When you think of opera, be honest, you start to nod off a little bit. Well, David Cronenberg is about to change all that. The director who made the more watchable of the two Crash movies has turned his 1987 cult classic, The Fly, into a full-blown opera. It's getting its US premiere this weekend at the Dorothy Chandler Pavilion and, for some reason, Cronenberg agreed to tell Defamer all about it. Join us after the jump as the notoriously oddball auteur opines on everything from the Oscar race to who's freakier, him or David Lynch.
DEFAMER: Mel Brooks and John Waters turned their old movies into Broadway musicals. How come you went the opera route?
CRONENBERG: As a kid I saw the original West Side Story and The Pajama Game in New York, and I have a fondness for musicals, but I've never really been attracted to them as something I would do myself. It makes sense for John Waters to do it. He's into that kind of stuff. But I'm much more snobby and elitist! Although truthfully, opera was popular in its time. It's only now, in retrospect, that it's become an elite art form.
DEFAMER: What did your agents and lawyers say when you told them you wanted to direct an opera?
CRONENBERG: They don't tell me what to do. Your agent is there to help you realize the projects you want. Sure, they're interested in money—they want to get their ten percent—but they work for me.
DEFAMER: Your work has been getting more and more critical acclaim lately. Do you care about winning an Oscar?
CRONENBERG: You have to remember, the movie I did in 1986 won an Oscar.
DEFAMER: Yeah, but for best makeup.
CRONENBERG: You know, everybody disdains the Oscars and wants one at the same time. And I think that's the right attitude. Many wonderful, creative people have won Oscars, so if you win one, you're in their company. And there are also some great filmmakers who have not. So when you don't win an Oscar, you're in that club. But that can never be your motivation. The Oscars are such a lottery. You don't know what films you'll be up against. You don't know what people's attitudes will be. It's foolish to spend two years of your life working on a movie on the off chance that you might win an Oscar.
DEFAMER: Who is it more important to please, yourself or an audience?
CRONENBERG: There's no difference. You are your own audience to begin with. I once met Oliver Stone and he said, "Do you mind being so marginal, with such a small audience?" And I said, "Well, how big of an audience do you need?" There comes a point where if you try to please too big an audience, you lose what was interesting about what you're doing. You have to achieve a balance.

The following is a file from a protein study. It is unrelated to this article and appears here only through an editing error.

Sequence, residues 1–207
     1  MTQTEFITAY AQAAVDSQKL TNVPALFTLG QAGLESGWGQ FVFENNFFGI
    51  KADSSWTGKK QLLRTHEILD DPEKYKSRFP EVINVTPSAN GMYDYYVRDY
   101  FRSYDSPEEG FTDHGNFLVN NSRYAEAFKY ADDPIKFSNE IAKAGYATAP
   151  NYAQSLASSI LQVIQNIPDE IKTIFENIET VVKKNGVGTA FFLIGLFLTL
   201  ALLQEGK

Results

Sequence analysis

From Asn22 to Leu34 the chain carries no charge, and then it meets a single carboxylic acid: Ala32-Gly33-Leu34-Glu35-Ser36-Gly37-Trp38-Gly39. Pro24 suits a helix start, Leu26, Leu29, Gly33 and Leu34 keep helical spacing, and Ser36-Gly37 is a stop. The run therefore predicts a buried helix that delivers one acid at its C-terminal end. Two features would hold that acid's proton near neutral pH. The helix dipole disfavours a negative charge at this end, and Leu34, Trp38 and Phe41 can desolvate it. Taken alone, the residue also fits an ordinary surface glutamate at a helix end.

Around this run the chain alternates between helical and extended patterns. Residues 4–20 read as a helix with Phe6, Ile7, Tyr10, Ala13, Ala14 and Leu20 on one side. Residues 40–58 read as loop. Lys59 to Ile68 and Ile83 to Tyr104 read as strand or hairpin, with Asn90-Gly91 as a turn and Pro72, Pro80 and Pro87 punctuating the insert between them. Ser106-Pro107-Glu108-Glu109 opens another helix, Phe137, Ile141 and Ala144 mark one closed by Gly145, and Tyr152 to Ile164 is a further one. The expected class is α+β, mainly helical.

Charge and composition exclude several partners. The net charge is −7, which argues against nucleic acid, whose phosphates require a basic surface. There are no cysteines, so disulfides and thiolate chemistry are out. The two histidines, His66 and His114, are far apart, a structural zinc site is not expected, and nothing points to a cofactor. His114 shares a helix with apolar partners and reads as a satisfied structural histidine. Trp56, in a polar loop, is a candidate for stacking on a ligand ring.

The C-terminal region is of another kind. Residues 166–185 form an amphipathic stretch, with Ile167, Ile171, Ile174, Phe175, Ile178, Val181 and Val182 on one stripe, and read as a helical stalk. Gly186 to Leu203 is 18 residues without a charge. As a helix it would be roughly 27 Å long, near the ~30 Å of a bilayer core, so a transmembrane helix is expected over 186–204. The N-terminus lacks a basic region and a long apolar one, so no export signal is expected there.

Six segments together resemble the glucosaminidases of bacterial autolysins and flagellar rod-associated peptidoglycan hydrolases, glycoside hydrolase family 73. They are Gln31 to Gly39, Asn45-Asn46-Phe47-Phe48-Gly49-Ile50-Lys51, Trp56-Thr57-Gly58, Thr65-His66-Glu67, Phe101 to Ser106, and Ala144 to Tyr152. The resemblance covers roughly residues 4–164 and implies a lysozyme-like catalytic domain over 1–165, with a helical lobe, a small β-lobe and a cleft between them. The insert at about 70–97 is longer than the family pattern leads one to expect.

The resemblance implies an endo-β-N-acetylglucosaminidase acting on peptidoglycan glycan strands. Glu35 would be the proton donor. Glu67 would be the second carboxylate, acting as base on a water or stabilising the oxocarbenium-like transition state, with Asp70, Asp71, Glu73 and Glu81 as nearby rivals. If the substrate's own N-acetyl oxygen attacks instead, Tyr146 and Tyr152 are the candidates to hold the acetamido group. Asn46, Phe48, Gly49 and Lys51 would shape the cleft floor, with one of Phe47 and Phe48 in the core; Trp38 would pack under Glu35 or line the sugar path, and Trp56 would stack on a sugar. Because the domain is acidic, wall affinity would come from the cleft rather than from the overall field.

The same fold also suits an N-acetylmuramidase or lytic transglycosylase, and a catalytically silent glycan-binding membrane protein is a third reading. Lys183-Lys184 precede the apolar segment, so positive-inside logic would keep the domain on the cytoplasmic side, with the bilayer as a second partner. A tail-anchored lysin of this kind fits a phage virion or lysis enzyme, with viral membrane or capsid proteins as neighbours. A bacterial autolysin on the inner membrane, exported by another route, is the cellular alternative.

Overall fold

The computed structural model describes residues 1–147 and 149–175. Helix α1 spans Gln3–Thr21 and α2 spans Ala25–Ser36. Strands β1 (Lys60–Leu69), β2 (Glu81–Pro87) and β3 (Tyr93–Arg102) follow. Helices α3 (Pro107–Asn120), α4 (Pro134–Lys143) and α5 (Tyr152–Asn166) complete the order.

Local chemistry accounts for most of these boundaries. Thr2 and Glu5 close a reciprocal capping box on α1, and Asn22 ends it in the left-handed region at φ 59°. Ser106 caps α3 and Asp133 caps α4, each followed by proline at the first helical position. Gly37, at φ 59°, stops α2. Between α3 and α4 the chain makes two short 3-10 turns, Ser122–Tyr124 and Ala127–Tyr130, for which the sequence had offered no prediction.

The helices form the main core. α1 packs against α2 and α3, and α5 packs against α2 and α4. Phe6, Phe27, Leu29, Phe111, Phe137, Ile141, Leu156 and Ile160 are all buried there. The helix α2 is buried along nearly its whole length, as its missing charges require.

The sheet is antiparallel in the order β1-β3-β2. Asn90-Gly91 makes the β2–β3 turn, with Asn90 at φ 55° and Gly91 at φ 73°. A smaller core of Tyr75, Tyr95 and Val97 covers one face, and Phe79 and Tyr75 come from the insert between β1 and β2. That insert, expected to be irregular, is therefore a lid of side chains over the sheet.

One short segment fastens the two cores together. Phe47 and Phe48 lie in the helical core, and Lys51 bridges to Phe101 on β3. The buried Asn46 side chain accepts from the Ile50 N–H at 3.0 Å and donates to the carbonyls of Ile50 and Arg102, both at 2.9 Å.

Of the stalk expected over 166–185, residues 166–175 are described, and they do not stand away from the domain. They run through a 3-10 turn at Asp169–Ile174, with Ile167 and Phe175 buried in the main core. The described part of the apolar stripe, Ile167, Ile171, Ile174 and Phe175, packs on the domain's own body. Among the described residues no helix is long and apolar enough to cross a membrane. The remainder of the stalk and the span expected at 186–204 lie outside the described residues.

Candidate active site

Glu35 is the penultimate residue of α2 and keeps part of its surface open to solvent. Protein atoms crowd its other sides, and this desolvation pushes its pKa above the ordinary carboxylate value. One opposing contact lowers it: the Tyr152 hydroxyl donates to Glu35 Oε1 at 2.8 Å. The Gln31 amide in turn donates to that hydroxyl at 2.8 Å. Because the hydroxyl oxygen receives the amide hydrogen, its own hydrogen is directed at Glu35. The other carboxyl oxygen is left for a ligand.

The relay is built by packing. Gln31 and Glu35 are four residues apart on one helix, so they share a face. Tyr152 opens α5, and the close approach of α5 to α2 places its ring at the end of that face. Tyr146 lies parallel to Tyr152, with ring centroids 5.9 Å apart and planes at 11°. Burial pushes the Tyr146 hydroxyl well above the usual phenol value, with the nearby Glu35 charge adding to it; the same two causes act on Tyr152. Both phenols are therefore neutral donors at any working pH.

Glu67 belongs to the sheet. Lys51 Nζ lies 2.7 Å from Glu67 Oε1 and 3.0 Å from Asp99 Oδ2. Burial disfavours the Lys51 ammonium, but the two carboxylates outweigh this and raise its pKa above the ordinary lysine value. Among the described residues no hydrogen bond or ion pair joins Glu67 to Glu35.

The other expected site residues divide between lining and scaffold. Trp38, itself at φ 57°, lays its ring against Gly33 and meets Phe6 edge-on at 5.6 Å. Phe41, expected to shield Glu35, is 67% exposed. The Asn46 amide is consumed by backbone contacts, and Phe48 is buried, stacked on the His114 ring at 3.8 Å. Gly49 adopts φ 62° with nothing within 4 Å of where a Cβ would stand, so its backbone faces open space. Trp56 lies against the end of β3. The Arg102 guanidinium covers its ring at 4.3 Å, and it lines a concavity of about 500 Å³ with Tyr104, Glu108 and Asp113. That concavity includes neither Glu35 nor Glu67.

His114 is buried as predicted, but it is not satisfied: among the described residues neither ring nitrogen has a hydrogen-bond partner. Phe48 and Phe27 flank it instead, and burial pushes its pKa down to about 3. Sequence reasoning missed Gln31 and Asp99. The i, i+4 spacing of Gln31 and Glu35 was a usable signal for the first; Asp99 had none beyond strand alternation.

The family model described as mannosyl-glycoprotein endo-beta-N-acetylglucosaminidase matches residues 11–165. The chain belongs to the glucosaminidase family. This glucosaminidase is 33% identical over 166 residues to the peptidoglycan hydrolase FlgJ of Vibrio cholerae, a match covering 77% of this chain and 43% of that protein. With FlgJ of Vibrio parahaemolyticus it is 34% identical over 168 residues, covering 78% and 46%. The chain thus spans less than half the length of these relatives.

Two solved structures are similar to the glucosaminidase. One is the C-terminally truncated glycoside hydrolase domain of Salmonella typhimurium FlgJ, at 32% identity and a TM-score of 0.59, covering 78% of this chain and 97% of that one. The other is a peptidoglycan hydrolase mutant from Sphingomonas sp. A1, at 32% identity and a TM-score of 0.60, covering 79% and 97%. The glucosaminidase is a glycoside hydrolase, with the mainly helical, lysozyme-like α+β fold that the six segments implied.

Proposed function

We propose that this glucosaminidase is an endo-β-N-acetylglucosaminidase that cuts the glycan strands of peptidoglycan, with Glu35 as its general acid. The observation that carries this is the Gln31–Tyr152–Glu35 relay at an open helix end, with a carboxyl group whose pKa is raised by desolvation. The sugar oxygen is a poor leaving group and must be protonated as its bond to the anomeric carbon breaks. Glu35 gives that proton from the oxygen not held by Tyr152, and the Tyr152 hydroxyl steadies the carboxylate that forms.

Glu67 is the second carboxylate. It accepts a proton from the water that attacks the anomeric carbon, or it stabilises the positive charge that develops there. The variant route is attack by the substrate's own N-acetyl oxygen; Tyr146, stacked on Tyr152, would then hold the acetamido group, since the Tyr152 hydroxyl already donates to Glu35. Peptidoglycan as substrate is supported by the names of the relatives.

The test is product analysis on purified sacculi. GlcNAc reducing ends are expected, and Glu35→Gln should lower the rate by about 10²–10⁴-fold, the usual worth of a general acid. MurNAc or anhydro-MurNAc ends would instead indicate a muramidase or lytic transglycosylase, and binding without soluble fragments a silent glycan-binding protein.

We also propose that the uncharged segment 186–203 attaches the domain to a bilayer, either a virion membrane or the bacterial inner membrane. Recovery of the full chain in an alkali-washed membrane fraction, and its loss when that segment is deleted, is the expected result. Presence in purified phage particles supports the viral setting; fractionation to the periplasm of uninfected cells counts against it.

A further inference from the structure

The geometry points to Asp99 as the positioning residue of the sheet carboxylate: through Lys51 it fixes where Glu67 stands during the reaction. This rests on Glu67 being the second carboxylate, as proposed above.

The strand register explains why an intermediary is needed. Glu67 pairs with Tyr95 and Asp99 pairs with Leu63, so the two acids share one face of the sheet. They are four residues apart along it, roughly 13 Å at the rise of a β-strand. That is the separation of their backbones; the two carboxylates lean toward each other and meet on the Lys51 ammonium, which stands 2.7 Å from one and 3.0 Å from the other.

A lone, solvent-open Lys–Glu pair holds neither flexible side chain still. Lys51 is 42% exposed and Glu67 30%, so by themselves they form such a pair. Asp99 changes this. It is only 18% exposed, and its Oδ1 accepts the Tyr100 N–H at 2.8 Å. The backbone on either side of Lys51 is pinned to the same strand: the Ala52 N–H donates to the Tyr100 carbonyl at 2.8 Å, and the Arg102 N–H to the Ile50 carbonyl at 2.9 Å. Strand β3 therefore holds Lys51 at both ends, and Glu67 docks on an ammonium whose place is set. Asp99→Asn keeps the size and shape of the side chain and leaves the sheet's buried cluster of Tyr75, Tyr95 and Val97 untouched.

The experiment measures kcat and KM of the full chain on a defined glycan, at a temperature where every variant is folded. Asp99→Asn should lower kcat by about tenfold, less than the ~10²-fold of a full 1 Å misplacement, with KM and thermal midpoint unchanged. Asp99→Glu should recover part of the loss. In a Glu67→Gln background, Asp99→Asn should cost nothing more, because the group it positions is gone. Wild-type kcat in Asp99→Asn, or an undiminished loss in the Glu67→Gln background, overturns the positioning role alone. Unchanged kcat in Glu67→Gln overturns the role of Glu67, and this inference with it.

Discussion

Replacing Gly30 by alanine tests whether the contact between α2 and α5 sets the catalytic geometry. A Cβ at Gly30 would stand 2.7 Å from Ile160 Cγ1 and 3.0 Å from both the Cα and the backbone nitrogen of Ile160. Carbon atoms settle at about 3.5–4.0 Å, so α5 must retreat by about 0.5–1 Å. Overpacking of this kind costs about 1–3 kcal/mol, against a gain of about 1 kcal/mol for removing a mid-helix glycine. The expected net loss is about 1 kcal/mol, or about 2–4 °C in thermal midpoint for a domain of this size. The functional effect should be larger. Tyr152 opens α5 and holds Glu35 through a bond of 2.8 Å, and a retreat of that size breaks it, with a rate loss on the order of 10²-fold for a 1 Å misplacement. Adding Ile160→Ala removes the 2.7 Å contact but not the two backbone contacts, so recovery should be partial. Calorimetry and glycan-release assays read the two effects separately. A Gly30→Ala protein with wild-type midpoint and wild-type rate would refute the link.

DEFAMER: Why does it seem like all your movies are in some way obsessed with the human body?
CRONENBERG: People don't pay enough attention to the body. My understanding of life is very existential. I think that we are our bodies. There's nothing else, and when we die, that's it. No afterlife. I'm very anti-religious because religion tends to disembody you. There's an emphasis on your spirit, or where you'll be when your body's gone, and that's misleading. I think the world would be a better place if it we admit that's not the case.
CRONENBERG: That's what people tell me.
DEFAMER: I've heard you say that you are lazy, but you seem like such an obsessive guy. How is that possible?
CRONENBERG: I get other people to do work for me and then I take credit for it. I say it jokingly, but it's true. I have a desire to be creative, but that's not the same as obsession. I'm happy reading a book or riding my bike through the hills. I get up late, I stay up late. I'm not very well organized unless I'm plugged into a structure like the opera or a movie. When I'm doing that, I have to be organized. But left to my own devices, I like to laze around. I think that's a huge part of creativity. You have to let your mind relax and then another part of your brain suddenly connects with the solution you're trying to find. I nap all the time when I make movies. Often I give my cameraman a very difficult lighting set up so I can get a longer nap.
DEFAMER: What a great scheme. Alright, one last question. Who is weirder, you or David Lynch?
CRONENBERG: Oh, Lynch is way weirder than I am. That's obvious.
(From L To R: Composer Howard Shore, performer Daniel Okulitch, David Cronenberg and conductor Placido Domingo)
[Photo Credits: FilmMagic, Getty Images]